most importantly as folks who were willing to indulge even us kids in
non-patronizing and genuine conversation. As a vegetarian, I recollect
Syed’s mother telling me that I was welcome to eat with them anytime and
that there would be non-vegetarian dishes on the table on only certain
fixed days of the week. Needless to say, the vegetarian food was always
But the real attraction of hanging at Syed’s was of course that, as all
good buddies do, we shared all and discussed everything that our middle,
and later high school, brains and bodies were dealing with.
As we got into high school, Syed was beginning to demonstrate what
organizations might call ‘leadership qualities’. In a perversion of
democracy, the school had this practice of nominating a small set of
students who could run for the office of ‘school captain’ – which
position was then filled through an open election. Shuja was, of course,
nominated, as was I, in that group. I had no stomach for this ‘front
person’ role and did not campaign; nor did the other nominee, as best I
recall. Shuja on the other hand, ran a well organized campaign, with his
supporters, and handsomely and fittingly became school captain. That
year, he was also named “student of the year” for his all round
The early 80s were for us, what could be best described as the “India
Today, arrival-of-post-Asian-Games-nationwide-TV” years and the first,
earliest flush of the arrival of ‘big city’ India into Bangalore with
all its attendant attractions, aspirations and frivolities, as
selectively reported by the mass media that we were being exposed to.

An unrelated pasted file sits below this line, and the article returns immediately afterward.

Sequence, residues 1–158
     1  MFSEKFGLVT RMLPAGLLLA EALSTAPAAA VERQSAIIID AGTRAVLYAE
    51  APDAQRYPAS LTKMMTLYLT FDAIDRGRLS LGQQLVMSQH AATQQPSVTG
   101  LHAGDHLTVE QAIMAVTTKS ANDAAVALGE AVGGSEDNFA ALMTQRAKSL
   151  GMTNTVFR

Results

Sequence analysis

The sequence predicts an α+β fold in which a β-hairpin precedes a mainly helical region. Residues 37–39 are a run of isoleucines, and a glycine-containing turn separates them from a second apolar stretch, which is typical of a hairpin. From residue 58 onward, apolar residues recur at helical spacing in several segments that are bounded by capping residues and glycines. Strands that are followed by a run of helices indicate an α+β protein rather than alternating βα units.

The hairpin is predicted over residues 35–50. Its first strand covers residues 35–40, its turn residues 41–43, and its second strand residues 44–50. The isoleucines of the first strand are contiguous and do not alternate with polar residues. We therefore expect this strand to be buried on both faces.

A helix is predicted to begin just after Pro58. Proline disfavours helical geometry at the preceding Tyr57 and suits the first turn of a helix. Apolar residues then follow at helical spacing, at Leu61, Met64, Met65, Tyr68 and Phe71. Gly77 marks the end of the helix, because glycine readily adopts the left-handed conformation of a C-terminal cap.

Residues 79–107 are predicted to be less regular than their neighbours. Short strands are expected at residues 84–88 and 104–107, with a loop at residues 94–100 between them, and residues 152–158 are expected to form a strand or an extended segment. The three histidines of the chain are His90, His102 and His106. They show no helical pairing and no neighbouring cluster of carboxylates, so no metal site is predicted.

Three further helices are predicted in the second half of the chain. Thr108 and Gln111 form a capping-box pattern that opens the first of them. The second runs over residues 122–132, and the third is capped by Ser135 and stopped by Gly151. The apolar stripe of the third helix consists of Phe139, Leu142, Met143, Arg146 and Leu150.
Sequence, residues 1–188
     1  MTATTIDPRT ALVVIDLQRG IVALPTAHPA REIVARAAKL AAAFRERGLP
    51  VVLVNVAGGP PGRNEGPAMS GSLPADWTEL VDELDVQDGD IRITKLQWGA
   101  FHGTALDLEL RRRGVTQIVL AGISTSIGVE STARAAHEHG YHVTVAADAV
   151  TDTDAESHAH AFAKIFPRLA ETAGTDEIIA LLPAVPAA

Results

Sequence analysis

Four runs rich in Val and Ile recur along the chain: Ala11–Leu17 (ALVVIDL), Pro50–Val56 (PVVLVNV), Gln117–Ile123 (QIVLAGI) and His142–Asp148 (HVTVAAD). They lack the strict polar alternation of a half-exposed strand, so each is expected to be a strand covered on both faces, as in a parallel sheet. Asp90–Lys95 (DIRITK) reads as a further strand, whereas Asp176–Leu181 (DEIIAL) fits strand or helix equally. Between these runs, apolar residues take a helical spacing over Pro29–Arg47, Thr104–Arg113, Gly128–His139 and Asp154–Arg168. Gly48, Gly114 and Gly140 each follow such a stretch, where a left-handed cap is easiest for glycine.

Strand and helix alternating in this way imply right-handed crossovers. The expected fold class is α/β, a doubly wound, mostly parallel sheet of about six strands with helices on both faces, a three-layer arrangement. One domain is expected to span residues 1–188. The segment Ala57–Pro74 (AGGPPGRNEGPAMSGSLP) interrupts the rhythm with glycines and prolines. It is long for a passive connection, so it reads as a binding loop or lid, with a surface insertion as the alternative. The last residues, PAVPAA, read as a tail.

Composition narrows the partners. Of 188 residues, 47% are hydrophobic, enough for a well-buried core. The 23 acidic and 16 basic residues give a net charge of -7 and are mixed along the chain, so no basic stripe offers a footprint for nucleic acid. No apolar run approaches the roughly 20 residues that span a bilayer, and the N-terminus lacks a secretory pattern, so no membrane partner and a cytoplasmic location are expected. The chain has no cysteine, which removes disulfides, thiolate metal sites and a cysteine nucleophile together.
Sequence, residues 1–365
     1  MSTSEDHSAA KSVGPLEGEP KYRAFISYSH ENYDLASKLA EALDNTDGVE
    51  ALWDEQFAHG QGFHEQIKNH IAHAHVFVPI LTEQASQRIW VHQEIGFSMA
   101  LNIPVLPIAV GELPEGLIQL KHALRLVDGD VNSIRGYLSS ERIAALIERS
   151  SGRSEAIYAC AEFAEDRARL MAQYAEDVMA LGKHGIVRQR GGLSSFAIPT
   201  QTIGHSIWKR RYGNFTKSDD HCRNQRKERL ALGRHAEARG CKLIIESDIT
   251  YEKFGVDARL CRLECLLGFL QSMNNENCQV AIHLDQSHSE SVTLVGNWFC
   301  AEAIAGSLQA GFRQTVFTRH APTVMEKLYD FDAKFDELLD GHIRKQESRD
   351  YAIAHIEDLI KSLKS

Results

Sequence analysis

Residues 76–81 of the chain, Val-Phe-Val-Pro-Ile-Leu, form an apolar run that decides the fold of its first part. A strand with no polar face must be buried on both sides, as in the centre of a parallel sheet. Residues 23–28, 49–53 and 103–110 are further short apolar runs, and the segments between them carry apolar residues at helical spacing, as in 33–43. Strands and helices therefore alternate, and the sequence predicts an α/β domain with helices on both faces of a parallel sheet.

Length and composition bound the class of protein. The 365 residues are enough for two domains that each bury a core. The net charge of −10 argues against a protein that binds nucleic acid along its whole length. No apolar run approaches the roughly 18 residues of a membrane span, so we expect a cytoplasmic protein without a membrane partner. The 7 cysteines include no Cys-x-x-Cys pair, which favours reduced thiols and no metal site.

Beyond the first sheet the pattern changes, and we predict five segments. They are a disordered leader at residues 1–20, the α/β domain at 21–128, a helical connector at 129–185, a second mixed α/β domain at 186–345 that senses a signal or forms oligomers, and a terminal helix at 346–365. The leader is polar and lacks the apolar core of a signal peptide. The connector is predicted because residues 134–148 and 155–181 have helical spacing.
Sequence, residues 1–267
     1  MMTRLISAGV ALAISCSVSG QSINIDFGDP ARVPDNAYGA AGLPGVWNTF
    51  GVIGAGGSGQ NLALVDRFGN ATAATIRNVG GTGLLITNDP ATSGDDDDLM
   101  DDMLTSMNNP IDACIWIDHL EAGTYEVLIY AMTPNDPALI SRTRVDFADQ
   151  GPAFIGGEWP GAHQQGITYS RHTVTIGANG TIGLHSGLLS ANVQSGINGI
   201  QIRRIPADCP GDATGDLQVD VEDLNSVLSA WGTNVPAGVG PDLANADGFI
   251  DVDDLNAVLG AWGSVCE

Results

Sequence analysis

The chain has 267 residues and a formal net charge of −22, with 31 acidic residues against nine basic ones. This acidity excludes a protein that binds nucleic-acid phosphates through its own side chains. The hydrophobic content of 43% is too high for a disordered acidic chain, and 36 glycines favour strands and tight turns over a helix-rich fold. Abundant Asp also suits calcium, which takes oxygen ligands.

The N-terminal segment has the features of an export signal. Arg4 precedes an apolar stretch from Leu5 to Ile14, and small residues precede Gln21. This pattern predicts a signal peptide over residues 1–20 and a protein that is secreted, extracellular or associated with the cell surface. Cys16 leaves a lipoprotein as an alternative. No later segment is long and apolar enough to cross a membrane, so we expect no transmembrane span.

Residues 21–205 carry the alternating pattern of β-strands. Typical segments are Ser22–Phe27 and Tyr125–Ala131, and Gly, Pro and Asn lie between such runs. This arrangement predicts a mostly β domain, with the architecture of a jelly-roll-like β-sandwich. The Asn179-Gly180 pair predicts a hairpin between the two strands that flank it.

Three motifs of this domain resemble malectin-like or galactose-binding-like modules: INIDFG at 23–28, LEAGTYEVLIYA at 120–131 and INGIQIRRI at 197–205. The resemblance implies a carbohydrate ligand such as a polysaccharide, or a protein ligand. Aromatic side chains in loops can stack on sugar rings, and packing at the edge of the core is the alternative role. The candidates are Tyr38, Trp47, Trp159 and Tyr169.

Shuja and I navigated this with a certain self-aware and deliberately
constructed aloofness. The crass commercialization and mass consumerism
(even the earliest form of it, from that, relatively innocent, and still
socialist era!) was not something we were going to uncritically accept.
I remember us referring to “India Today” as “Delhi-Bombay Today”, to
suggest that the India they reported was not something we considered
ourselves a part of! Looking back, this may have been an early
indication that both of us were going to retain, despite ending up doing
fairly conventional things, a dissenting view of the world and indeed
make some unconventional choices.
From about late 1988, having pursued a different set of immediate
collegial cues and interests came the ‘gap years’ for Syed and me. I
went into a career in engineering, first for a few months in (what was
then) Bombay and then left the country, while Syed entered advertising,
then technology sales, followed by a business management degree and a
career in the IT industry in West Asia. It was perhaps these ‘gap years’
that allowed me to seamlessly transition to calling him Shuja when we
reconnected in the early 2000s.
I don’t have a close understanding of the things he did during these
years, but as I learned, subsequently, when we came together again in
Bangalore, he had traveled widely in that part of the world, developed a
nuanced understanding of the society and politics of the region and
created a large network of friends and business contacts. It was in
these years, too, that momentous and tempestuous events occurred in his
life that I was not a part of, at all. I learned about these, only
second hand, and much later, from close, common friends. He met Ishviene